I understand that there are some responsible people and do the right thing with intact animals, but you have to realize that a good majority in our country are not that responsible and the end result is unwanted puppies and kittens being euthanized each and every day.
 

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If that's really the case, then most people aren't equipped to be dog owners. But, I don't believe that. Keeping an intact dog isn't rocket science. It just takes common sense, a leash and training.

As long as the dog is under anesthesia anyhow, let's snip their vocal cords...they may bark and disturb the neighbors. Maybe we can declaw them too, they may scratch someone. Oh, and as long as we're at it, those teeth are awfully sharp. Let's file them down. On second thought, let's just get a stuffed toy and be done with it.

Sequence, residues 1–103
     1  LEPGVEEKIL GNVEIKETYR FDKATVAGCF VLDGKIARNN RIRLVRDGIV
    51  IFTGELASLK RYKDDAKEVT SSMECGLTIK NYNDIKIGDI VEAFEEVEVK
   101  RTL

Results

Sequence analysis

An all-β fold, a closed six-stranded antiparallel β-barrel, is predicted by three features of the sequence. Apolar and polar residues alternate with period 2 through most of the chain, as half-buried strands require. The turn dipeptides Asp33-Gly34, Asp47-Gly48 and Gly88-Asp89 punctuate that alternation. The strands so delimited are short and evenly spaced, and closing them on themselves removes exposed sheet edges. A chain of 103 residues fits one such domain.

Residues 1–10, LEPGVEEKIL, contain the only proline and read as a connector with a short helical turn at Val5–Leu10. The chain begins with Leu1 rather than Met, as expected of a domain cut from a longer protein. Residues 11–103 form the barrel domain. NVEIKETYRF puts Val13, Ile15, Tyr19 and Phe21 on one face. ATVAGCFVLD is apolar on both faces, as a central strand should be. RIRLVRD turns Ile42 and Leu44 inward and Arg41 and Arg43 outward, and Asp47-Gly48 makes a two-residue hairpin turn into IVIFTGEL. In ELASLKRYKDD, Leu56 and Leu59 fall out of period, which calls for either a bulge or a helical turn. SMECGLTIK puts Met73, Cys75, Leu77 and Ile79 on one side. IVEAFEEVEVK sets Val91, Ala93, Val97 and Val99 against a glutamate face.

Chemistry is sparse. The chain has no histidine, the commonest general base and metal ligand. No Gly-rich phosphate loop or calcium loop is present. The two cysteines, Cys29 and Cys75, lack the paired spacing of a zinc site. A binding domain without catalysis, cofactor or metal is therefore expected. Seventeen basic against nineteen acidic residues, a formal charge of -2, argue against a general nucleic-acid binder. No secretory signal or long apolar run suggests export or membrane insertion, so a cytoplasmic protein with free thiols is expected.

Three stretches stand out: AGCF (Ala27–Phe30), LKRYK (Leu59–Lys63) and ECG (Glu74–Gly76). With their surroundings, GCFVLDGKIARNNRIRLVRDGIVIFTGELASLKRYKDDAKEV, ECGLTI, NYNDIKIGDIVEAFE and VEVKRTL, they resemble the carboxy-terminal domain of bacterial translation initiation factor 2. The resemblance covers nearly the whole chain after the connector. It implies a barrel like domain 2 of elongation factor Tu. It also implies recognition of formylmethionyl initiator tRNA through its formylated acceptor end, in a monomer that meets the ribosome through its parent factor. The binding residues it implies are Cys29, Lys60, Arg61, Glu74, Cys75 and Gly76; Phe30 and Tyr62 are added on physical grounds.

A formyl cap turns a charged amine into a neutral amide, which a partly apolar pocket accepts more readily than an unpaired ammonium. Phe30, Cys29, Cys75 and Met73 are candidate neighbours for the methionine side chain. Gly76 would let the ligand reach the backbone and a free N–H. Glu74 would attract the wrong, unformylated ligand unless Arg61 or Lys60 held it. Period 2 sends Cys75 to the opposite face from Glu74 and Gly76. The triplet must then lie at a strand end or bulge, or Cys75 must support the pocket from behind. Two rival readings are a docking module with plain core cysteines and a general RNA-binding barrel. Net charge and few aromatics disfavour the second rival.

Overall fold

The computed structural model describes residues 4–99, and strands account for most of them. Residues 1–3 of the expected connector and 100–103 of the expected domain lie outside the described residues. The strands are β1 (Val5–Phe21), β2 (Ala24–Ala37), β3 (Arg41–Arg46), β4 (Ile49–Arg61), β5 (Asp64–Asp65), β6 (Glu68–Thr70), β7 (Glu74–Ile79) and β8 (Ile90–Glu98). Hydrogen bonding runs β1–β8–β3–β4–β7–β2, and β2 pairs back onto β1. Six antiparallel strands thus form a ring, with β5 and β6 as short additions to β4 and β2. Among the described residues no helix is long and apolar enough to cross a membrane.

I'm sorry, but it's elective surgery as a convenience so that you can shirk your responsibility and still feel good about yourself. Controlling your dog is responsibility.

I had my Labrador, Kali spayed when she was seven months old because I was told it's the responsible thing to do....and had to deal with the consequences of it for a decade so far.
My original argument is that vets promote early spay and neuter was not because of financial gain, but because they want to help prevent the already overwhelming pet-overpopulation problem. Imagine these pets already filling humane societies were all intact and reproducing each cycle, our communities would be even more over burdened with wanted pets. Spaying and neutering a non-conformation dog is a responsible thing to do.